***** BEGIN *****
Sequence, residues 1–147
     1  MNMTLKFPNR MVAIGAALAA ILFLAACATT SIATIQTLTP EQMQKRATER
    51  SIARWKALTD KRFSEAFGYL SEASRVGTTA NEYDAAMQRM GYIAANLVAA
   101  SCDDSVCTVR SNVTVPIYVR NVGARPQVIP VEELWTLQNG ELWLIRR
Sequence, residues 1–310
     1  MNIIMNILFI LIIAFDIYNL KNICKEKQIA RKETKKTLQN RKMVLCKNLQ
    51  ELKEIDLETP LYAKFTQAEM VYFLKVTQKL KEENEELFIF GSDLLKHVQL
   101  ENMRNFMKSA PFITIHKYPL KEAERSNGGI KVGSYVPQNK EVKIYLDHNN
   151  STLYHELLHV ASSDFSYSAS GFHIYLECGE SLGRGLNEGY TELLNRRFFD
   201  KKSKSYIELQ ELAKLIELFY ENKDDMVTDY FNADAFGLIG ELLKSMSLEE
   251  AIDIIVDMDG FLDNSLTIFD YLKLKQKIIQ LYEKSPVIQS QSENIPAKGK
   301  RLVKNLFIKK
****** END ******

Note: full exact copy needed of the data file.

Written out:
Sequence, residues 1–147
     1  MNMTLKFPNR MVAIGAALAA ILFLAACATT SIATIQTLTP EQMQKRATER
    51  SIARWKALTD KRFSEAFGYL SEASRVGTTA NEYDAAMQRM GYIAANLVAA
   101  SCDDSVCTVR SNVTVPIYVR NVGARPQVIP VEELWTLQNG ELWLIRR
Sequence, residues 1–310
     1  MNIIMNILFI LIIAFDIYNL KNICKEKQIA RKETKKTLQN RKMVLCKNLQ
    51  ELKEIDLETP LYAKFTQAEM VYFLKVTQKL KEENEELFIF GSDLLKHVQL
   101  ENMRNFMKSA PFITIHKYPL KEAERSNGGI KVGSYVPQNK EVKIYLDHNN
   151  STLYHELLHV ASSDFSYSAS GFHIYLECGE SLGRGLNEGY TELLNRRFFD
   201  KKSKSYIELQ ELAKLIELFY ENKDDMVTDY FNADAFGLIG ELLKSMSLEE
   251  AIDIIVDMDG FLDNSLTIFD YLKLKQKIIQ LYEKSPVIQS QSENIPAKGK
   301  RLVKNLFIKK